VC WEB BLOG | Suzanne D’Addario Brouder: ‘The Power of Music-Making’ [BLOG]

D'Addario Foundation Director, Suzanne D'Addario Brouder talks us through the benefits and necessity of quality music education

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LONG ISLAND, NEW YORK ― The Violin Channel recently caught up with Ms Suzanne D’Addario Brouder, Director of the D’Addario Foundation – a unique grant-making organisation providing monetary and product support to high-quality sustainable music instruction programs.

In a VC-exclusive blog, Suzanne talks us through the benefits and necessity of quality music education – and the role the D’Addario Foundation plays in its facilitation.

“Music is universal, it is magical, and it is omnipresent. How can we not be curious about it? Would we want to live in a world without it? Why would we be okay with our schools not having music? [1]

Organizations like the D’Addario Foundation are keenly aware of the power of music, and we’re harnessing it by nurturing the development of private-sector, not-for-profit music-education programs in schools where music barely exists—or does not exist—and where kids cannot afford to take lessons on their own. These humble programs have a much grander vision than simply encouraging children to participate in music, though. These programs are catalysts for positive social change, planting their feet firmly into tough communities and committing completely. In such cases, music education is the vehicle – the draw – that makes the magic happen. But it is the elements beyond plucking a string or singing a note, however, that are extraordinary. And that’s where the true power lies.

It’s what happens when you give kids a place to belong every day after school. You give them a snack; you give them help with homework; you give them guidance; you give them the ability to become a mentor; you give them safety. Those programs are proving to have the power to lift human aspirations, to elevate quality of life and to strengthen communities. And it’s all through music. In the New York Times article, “Is Music the Key to Success”, written by Pulitzer Prize-winning journalist Joanne Lipman, she writes, “Look carefully and you’ll find musicians at the top of almost any industry.” Music can help make you a Nobel Prize winner, an Oscar-winning director or a hedge fund billionaire. Leaders from Google Co-Founder Larry Page, Federal Reserve Chairman Alan Greenspan, and Condoleezza Rice to Jack Dorsey, Woody Allen, and Steven Spielberg have all attributed their success to actively studying music in their childhood.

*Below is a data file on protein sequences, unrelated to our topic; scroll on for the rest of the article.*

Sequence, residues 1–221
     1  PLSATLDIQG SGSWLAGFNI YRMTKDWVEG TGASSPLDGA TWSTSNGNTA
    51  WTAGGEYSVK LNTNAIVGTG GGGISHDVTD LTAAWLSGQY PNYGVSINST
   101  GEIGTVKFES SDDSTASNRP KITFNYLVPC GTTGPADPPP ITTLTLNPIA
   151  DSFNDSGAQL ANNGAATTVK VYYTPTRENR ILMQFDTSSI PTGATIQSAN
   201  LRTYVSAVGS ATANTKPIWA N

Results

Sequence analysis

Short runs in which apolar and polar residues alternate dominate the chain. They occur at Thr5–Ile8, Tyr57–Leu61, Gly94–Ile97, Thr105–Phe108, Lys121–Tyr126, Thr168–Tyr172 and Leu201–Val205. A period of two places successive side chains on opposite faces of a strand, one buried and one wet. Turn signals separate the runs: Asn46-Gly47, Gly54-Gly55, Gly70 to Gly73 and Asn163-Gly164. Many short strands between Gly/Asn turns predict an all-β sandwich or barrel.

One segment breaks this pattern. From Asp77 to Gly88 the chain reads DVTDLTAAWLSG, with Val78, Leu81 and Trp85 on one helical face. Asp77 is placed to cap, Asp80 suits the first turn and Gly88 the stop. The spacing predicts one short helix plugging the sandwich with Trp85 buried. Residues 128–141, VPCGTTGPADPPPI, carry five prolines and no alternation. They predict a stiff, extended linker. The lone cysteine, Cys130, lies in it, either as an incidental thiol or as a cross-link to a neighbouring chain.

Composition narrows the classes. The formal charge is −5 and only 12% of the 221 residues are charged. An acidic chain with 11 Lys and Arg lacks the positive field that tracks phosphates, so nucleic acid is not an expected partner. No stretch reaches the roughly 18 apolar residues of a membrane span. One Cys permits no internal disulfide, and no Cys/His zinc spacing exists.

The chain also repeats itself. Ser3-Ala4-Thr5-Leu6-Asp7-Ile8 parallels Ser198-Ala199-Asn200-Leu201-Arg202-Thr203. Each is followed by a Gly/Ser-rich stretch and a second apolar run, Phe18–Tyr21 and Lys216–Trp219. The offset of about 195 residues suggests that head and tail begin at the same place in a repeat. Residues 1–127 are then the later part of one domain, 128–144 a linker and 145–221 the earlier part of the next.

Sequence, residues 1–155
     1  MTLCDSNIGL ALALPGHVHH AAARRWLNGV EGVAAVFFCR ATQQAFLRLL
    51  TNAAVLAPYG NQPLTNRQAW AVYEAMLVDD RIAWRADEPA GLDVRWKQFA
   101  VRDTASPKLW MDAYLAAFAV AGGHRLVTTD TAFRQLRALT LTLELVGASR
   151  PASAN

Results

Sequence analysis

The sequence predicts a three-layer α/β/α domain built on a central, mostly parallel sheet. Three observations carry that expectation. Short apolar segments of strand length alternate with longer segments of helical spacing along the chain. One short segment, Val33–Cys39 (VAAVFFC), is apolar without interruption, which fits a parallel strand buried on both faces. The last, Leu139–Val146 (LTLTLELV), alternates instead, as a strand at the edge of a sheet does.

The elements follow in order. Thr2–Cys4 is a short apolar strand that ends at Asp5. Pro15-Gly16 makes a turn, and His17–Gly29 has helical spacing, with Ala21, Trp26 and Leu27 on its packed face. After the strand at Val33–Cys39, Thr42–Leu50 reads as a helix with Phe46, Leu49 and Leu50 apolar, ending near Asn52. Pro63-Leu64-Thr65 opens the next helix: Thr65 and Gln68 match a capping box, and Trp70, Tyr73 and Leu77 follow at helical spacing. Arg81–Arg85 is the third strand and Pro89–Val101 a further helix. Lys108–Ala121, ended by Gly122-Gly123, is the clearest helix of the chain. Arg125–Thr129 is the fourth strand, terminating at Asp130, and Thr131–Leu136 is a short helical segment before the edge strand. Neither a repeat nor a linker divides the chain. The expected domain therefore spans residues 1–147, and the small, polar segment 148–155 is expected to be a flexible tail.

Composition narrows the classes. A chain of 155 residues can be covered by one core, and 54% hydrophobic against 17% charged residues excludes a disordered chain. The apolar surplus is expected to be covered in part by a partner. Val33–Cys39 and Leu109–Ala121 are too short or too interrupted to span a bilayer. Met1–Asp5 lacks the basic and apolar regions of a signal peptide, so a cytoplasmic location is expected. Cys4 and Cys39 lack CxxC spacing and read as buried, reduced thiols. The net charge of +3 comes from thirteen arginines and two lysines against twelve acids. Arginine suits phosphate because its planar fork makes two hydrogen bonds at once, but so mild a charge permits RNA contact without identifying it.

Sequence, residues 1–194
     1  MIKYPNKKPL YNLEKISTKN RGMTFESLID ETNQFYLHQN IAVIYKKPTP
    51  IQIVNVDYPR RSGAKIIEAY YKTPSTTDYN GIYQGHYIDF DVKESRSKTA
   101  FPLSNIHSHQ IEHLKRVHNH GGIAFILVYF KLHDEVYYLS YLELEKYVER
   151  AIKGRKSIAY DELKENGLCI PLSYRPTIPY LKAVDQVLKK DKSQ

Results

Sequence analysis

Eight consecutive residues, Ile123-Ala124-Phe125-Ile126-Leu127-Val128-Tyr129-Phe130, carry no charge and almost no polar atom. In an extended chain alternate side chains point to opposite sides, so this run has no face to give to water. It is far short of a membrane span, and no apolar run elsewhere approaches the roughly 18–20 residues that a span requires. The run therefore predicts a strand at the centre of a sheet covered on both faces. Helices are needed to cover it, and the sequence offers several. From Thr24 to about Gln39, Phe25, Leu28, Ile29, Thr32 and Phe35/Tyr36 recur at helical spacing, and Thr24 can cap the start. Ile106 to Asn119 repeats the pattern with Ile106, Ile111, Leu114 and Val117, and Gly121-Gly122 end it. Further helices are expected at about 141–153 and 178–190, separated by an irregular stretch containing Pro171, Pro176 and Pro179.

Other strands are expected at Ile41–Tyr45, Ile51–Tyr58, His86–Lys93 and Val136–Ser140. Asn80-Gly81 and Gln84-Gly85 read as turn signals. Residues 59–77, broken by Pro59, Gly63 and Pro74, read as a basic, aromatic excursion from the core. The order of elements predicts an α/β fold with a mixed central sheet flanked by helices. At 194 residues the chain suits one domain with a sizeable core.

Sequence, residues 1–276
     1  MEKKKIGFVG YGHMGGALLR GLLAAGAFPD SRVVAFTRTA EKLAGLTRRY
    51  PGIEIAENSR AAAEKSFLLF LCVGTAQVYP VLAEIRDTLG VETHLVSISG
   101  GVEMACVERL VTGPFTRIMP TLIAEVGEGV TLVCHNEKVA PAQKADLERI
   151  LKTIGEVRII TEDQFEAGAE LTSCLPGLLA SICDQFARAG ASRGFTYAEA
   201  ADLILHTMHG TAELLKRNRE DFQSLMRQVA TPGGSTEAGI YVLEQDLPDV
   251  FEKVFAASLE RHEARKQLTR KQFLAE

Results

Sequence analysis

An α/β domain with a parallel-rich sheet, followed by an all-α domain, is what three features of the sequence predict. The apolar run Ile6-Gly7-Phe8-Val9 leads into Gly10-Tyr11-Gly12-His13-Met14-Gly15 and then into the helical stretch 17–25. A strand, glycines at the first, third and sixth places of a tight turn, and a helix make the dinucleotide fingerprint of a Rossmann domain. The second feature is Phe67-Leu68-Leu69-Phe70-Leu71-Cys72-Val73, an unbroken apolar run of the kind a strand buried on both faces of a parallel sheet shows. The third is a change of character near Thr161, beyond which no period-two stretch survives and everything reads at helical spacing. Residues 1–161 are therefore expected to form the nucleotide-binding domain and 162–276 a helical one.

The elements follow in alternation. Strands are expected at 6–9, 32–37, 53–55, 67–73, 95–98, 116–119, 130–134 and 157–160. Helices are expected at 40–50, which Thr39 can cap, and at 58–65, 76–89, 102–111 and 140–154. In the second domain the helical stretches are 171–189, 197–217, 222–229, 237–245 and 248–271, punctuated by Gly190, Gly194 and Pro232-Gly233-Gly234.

Clearly, music education has incredible power, and the proof is there. Ninety-six percent of students in many of these community-based programs supported by the D’Addario Foundation are graduating on time and attending college, despite residing in some of the poorest neighborhoods in our country, where graduation rates hover at or below 50 percent. In fact, many of the students represent the first generation in their family to attend college. Can you imagine the abundance of power you would have if you were able to overcome the challenges you faced early in life? Active participation in music via community-based programs gives kids that power. It’s the ability to defy odds, attend college, and succeed in life.

In a complicated world, the children who are given opportunity through compassion, fortitude and dedication are the ones who are empowered to change that world. They are the kids who will become compassionate healers, guides, problem solvers, peacemakers and musicians. There’s nothing more heartwarming than to see children with that power, and there’s nothing more beautiful than using music as a powerful agent for positive change.

On September 22, 2016, the D’Addario Foundation hosts the “Music Makes You” Benefit Concert at BRIC in Downtown Brooklyn to raise funds to continue to serve these amazing partner programs. Not only will you see “children with that power” and “music as a powerful agent for positive change,” but you will get to see an array of performers such as Karen O and Nick Zinner of the Yeah Yeah Yeahs, Blake Mills, Lucius, Kaki King, Julian Lage and many more.

To learn more visit www.daddario.com/musicmakesyou

[1] Peter Greene (2015) “Stop Defending Music Education,” The Huffington Post

-Suzanne”

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